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Polly Creech, the owner of Hyacinth Bean Florist, poses with one of her foster cats.

Hyacinth Bean Florist is an ‘eden’ for foster kittens

Entering Hyacinth Bean Florist for the first time is truly a unique experience. Filled with whimsical trinkets, arrays of mismatched plant pots and holders and flowers of infinite hues and shapes, the florist shop is easy to fall in love with. The overall experience is improved even more when a kitten is spotted running around the store.

Polly Creech started her business in 2000 by growing flowers on a farm. Originally selling to other florists and at the Athens Farmers Market, Creech eventually opened the shop, located at 540 W. Union St., in 2006 after getting many wedding floral requests. Currently, Creech covers around 30 to 40 weddings a year.

An Athens resident since 1987, her focus was originally in the healthcare field, but she decided to change her career path completely after her 50th birthday.

“(I) worked in the healthcare field for many years, and when I turned 50 I decided it was time for a change, and I started the farm,” Creech said. 

Not only is the shop home to a wide variety of flowers, it is also home to a wide variety of felines. Creech began fostering kittens in the shop about 15 years ago and has had about 260 cats adopted out of the shop. Creech said fostering the kittens came about accidentally. 

“It kind of started as a fluke (because) a woman that worked next door at the time had a litter of kittens and she needed to find homes for them,” said Creech. “So I just said, ‘Well bring him to the store.’”

Shortly after this encounter, Creech became involved with the Athens County Humane Society, or ACHS. ACHS began ensuring the health, routing and treatment of the cats before arriving at Hyacinth Bean in order for them to be ready to be adopted into a loving home. Those who foster through ACHS are volunteers and the organization supplies medical care and food.

Right now, the shop is fostering three kittens named Chippy, Poppy and Lily. Along with the three foster cats, Hyacinth Bean is also home to the shop cat Jenny Jo, who, according to Creech, serves as a mother figure for the foster kittens. 

“Jenny Jo showed up outside our door in the middle of the winter,” Creech said. “She was very feral, it took us months to tame her. She nurtures the kittens a lot. She'll be licking (the kittens) and cleaning them, so she kind of serves as a surrogate mom.”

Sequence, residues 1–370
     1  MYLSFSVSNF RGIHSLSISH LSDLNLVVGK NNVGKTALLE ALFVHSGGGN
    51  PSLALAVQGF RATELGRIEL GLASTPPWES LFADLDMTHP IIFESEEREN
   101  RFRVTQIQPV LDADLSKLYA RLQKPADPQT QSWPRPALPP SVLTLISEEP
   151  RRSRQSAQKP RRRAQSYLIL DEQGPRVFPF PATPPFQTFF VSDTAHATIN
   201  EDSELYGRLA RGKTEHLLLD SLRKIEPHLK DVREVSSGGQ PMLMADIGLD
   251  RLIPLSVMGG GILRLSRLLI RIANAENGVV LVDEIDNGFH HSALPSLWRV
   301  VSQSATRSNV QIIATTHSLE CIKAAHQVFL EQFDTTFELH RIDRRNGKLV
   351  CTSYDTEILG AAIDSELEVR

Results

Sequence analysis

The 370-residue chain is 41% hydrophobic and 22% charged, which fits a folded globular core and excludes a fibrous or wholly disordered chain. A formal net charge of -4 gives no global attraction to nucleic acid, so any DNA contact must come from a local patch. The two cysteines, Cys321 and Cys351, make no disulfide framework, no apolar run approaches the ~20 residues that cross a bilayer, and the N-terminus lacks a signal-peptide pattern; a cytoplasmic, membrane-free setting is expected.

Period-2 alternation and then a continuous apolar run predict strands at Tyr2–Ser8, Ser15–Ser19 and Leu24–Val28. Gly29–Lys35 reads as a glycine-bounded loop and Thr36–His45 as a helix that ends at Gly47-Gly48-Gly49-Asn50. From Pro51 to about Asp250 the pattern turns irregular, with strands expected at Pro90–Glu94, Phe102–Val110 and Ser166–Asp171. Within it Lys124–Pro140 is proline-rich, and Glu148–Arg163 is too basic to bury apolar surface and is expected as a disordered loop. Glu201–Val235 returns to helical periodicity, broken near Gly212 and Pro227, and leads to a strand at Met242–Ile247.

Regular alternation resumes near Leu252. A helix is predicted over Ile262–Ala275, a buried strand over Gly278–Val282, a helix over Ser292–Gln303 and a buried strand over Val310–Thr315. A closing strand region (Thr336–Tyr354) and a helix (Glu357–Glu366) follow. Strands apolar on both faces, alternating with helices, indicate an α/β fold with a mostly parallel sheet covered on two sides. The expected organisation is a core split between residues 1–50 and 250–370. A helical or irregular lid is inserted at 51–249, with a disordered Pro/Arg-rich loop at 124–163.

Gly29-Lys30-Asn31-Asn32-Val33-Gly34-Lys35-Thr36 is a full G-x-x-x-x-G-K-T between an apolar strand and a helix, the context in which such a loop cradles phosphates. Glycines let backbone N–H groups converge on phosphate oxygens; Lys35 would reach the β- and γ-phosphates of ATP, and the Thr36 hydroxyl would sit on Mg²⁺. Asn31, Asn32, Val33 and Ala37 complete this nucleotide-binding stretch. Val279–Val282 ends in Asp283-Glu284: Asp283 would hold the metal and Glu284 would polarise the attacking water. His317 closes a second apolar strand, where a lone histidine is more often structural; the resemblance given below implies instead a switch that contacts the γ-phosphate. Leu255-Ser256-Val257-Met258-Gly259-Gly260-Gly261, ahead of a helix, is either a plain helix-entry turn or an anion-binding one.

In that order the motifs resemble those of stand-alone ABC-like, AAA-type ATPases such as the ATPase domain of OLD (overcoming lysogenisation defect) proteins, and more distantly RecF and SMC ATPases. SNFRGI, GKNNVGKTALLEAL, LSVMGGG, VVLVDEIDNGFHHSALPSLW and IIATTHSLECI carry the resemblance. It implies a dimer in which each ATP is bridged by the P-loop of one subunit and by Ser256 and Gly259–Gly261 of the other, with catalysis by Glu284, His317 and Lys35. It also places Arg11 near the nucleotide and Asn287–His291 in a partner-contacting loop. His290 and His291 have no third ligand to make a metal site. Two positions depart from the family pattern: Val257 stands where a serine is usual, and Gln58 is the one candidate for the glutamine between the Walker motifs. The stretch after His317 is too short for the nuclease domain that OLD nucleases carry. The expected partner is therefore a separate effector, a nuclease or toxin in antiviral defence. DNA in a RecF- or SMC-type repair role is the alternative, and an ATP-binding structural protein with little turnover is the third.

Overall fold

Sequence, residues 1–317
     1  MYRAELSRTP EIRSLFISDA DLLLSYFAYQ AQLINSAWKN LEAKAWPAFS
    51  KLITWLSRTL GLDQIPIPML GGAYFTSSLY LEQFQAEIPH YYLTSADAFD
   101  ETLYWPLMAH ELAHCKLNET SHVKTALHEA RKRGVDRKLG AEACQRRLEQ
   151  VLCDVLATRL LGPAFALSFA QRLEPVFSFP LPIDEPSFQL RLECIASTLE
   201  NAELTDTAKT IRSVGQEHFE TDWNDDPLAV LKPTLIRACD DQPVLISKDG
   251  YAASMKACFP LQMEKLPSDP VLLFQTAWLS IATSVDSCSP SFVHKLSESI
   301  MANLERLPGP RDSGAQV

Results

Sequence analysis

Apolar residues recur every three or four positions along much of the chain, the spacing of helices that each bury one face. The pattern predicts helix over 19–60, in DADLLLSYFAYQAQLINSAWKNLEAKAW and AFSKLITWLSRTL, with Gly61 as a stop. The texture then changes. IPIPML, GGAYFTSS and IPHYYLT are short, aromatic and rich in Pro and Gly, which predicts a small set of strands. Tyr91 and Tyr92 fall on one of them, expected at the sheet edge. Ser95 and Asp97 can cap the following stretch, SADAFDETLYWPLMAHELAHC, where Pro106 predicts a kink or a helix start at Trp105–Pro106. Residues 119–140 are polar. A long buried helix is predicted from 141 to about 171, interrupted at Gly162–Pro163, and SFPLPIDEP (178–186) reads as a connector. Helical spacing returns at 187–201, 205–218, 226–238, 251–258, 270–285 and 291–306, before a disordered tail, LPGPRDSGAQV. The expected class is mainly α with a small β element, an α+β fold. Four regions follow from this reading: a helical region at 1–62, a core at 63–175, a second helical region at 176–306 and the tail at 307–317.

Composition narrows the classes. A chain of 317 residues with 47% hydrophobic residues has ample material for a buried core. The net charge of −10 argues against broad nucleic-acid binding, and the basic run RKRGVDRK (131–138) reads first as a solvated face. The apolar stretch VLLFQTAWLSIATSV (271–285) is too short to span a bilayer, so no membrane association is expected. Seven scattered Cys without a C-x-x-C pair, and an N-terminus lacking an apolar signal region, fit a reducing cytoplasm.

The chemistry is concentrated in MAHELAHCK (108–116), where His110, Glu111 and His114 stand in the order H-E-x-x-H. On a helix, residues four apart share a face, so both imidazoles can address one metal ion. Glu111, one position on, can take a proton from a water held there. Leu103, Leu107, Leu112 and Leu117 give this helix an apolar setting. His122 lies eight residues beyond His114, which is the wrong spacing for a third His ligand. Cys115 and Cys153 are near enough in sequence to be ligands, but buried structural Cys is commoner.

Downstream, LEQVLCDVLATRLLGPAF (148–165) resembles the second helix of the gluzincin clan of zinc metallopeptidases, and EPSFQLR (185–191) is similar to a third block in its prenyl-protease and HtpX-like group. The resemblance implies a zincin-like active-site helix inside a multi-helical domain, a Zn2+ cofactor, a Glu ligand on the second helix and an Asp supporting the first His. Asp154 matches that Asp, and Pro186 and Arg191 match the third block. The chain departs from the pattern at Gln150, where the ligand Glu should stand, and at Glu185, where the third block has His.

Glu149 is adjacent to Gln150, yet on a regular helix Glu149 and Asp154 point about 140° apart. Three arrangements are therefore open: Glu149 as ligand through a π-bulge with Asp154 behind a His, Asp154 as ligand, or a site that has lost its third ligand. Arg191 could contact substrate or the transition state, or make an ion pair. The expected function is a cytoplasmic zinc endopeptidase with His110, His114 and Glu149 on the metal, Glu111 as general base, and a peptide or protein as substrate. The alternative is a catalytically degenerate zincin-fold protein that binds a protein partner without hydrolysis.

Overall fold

Although potential new customers may find the scurrying kittens surprising once they enter the shop, the felines have become increasingly popular around Athens.

“The cats developed fan clubs,” Creech said. “There are people who will come in almost every day (during) their lunch hour to just have a few minutes of cat therapy. They'll sit on the couch and they'll hold a cat and pet it.”

The positive feedback from the community leads to more cats being adopted from the shop, helping to decrease the number of abandoned and homeless cats circulating ACHS. When someone is interested in adopting a cat or kitten, Creech gives an application that is later turned in to the Humane Society. ACHS contacts potential adopters to make sure the cat will be placed in a safe and stable home.

Creech’s service to the community is part of a larger effort to relocate numerous homeless cats in the Athens area. With many pets adopted during the pandemic being abandoned and returned, the number of homeless cats has dramatically increased and the search for safe and lasting homes is imperative. 

For those interested in being involved with volunteering, fostering, or adopting through ACHS, the organization offers resources and ways to get involved in many different ways.

Creech emphasized the importance of evaluating the stability of a future cat home. 

“A cat has a long-term commitment,” Creech said. “Sometimes they live 20 years and when you adopt one you need to think about the next 20 years of your life and how you will be able to accommodate that cat into your lifestyle.”


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